‘Eat the rainbow’: Advice on how to get kids to follow new USDA dietary guidelines

Meat and vegetable skewers on the grill
Photo courtesy of Flickr
Grilled skewers of seasonal vegetables and sizzling meat? Sounds like summer!

MADISON, Wis. — For the first time ever, the USDA has included babies and toddlers in its dietary guidelines. The guidelines provide a foundation for federal nutrition programs for the next 5 years.

The department also encourages people to put a special focus on ensuring that they enjoy and customize nutrient-rich foods for their personal preferences, taking cultural traditions and budget into consideration. However, it now recommends children under the age of two should avoid all added sugar and limit saturated fat.

But that can seem like a difficult task for many families.

Megan Timm, Community Health Manager at SSM Health St. Mary’s Hospital – Janesville, said parents should encourage their kids to “eat the rainbow.” And that doesn’t mean Skittles. It means nutrient-rich foods of all different colors.

She said each color has it’s own health benefits. For example, red foods help reduce risk for diabetes, certain types of cancer and heart disease. Orange and yellow foods promote eye and joint health. Leafy greens and green foods are high in fiber and give an energy boost, while blue, purple or deep red foods are great for memory and boost brain power.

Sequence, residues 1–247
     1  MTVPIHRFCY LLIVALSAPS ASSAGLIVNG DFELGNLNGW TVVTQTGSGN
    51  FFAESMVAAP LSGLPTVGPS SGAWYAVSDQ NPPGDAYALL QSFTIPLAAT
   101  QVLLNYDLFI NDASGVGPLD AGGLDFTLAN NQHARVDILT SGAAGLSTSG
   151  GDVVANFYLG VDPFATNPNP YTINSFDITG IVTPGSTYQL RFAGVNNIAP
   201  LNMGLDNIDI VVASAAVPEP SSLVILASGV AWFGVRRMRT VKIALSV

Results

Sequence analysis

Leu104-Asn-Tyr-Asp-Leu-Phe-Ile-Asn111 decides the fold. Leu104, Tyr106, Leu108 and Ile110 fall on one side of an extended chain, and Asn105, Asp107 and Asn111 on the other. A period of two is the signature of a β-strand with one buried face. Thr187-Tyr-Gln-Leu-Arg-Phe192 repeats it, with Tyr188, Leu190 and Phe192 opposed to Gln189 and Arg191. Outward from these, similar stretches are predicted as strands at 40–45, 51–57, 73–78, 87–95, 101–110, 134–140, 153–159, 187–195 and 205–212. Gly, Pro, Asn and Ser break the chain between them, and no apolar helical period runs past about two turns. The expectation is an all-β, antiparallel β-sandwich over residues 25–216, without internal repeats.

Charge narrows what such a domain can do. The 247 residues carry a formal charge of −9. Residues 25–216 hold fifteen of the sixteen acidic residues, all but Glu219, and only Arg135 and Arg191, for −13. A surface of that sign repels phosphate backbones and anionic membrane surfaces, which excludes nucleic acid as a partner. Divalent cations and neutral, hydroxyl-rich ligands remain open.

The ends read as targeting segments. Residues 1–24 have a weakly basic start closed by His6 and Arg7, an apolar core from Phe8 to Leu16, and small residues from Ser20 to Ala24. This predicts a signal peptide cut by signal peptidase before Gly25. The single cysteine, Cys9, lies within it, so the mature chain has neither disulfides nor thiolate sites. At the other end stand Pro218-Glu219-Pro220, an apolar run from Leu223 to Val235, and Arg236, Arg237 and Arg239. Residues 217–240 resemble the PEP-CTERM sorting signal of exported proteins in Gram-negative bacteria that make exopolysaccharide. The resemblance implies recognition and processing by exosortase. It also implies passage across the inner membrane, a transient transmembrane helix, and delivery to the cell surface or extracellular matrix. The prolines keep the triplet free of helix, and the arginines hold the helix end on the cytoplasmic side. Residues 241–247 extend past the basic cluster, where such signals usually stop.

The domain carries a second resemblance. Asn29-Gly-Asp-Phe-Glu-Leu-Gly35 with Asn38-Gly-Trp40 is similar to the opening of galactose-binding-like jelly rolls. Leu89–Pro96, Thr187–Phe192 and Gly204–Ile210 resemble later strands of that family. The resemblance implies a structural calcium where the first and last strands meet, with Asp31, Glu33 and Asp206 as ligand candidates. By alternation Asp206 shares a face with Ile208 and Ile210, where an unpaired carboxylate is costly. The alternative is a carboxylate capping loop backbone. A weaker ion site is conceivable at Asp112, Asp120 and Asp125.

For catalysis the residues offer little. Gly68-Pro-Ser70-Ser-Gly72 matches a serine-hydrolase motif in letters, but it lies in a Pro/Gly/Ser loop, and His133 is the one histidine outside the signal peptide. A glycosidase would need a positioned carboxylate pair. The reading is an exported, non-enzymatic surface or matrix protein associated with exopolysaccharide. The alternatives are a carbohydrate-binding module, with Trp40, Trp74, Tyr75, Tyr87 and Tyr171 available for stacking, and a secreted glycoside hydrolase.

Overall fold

Timm had some tips on how to get your kids to eat more healthy foods.

“Add health fruits and vegetables in your child’s snack or lunches. This can include quick things like dried fruits or even on the go apple sauce,” she said. “Add them to your child’s favorite dishes. This could include adding carrots to pasta sauce or canned or frozen veggies into soups.”

Timm said parents should also get kids to be part of the process by maybe letting them choose a new fruit or vegetable every week. That will help ensure that they continue to make healthy choices as they grow.